Putting the Bible to work

Can the set scripture readings for last Sunday, which came out of the same Middle East that is so troubled at the moment, and out of times of threat and oppression too, offer anything helpful to us across the ages? The answer (I’m an Anglican!) is probably a resounding maybe – even the devoutly amongst us will realise that the scriptures in question were not written as a political handbook for the twenty first century – but since we do believe that they were written in general for our learning and that God speaks through them today as every day, it is worth a go.

So here are three possible ways in those readings might give us some clues: you must decide how helpful they are in uncovering a solution.

1. Luke 3:7-18 First, when some soldiers ask John the Baptist what they should do, he tells them, ‘Do not extort money from anyone by threats or false accusation, and be satisfied with your wages.’ The context is that they are presumably Roman soldiers and as such part of an occupying force, which was in an easy position to supplement its salary by extorting extra from the locals. Remarkably, the Baptist does not just tell them to clear off. His track record suggests that this was not simply a failure of nerve. He seems to accept the political reality of their presence, but urge that they act justly, by their own lights, within it. This for me connects up with our Christian theology of the “just war”, which also accepts that at times the general commandment to eschew violence will face political realities that call for exceptions – but that there are rules governing such exceptions that must be taken very seriously. It might be worth remembering what the conditions which justify military action are, as formulated within Catholic teaching for instance, and wondering as we do whether there is anything here for us:

a. the damage being inflicted by the aggressor on the nation or community of nations must be lasting, grave, and certain;

b. all other means of putting an end to it must have been shown to be impractical or ineffective;

c. there must be serious prospects of success;

d. the use of arms must not produce evils and disorders graver than the evil to be eliminated.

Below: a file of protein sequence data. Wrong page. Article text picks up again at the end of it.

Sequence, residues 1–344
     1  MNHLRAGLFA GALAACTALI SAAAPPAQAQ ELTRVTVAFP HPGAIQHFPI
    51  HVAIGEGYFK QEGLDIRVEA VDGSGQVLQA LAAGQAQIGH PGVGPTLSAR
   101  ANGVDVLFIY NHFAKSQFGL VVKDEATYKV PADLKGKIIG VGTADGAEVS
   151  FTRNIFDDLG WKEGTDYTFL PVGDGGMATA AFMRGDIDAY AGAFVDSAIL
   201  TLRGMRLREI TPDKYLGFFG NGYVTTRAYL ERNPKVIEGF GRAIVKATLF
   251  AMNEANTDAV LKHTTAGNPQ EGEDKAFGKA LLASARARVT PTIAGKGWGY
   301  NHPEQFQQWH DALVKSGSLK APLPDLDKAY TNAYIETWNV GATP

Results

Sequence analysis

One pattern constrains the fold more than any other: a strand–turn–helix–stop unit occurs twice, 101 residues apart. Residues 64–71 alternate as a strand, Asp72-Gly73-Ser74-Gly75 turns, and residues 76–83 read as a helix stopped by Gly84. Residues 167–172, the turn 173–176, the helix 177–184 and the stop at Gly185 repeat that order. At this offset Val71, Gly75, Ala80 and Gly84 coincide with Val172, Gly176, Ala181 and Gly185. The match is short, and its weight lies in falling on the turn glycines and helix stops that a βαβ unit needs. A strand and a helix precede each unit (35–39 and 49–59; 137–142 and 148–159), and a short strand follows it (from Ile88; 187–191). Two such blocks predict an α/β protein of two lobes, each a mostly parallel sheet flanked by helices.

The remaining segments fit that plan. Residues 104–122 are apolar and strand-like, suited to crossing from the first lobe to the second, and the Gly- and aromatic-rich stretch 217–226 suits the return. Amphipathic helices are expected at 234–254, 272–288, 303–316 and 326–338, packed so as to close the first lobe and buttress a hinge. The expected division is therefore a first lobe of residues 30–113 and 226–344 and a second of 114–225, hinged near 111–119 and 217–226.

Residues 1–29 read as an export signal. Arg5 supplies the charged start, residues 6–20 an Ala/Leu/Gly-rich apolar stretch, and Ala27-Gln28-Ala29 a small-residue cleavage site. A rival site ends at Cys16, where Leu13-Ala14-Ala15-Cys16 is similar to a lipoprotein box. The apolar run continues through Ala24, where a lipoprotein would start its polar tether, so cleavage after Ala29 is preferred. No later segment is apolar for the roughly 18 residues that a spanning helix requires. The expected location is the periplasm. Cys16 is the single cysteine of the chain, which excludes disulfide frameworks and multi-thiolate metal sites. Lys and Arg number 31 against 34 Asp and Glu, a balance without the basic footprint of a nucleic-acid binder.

2. Zephaniah 3.14-20 Secondly, Zephaniah foresees the Babylonian action against Jerusalem, and fearing that the nation will trust over-confidently in its own might not God’s, importantly reminds us of the provisional and partial nature of our own actions in bringing about peace and justice. The agent in his prophecy is not an Israelite king or army but the Lord who is in their midst, and the “I” to whom he repeatedly refers that will put things right– “I will remove, I will deal, I will save, I will change” – is God. Assuming that simple, outright feelings of revenge at least are kept at bay, there is still the temptation to a false over-confidence, perhaps exaggerated for effect, that may boost morale and forge fighting spirit in the short run, but that is likely to lead to miscalculation in the long. Our faith reminds us that in the end only God can bring in the kingdom, and that a degree of humility and self-questioning in these matters is a sign of wisdom not weakness.

3. Philippians 4.4-7 Finally, Paul writing to the Philippians who were suffering persecution, urges the importance of remaining gentle in spirit and letting the indwelling peace of Christ resolve our fears and anxieties, rather than allowing them to drive our behaviour in more negative directions. The teaching here is not just for the great and the good who will be determining high policy but for all of us, as we try to resist the temptation to those sort of short-cut emotionally-driven reactions that stop us loving our neighbours and our enemies alike, and which can so easily import with them the conflicts we see elsewhere into our own communities.

Well, as I said, it is for each of us as Christian disciples to work out our own salvation in fear and trembling on subjects like this – it is not our tradition and would undermine all we stand for if we were to take direction from the clergy. But hopefully, in what is after all a season of reflection on some of the most serious aspects of our existence, the scriptures and through them the Spirit will continue to lead us into the truth and most of all into that deep truth that we find in Christ our Lord.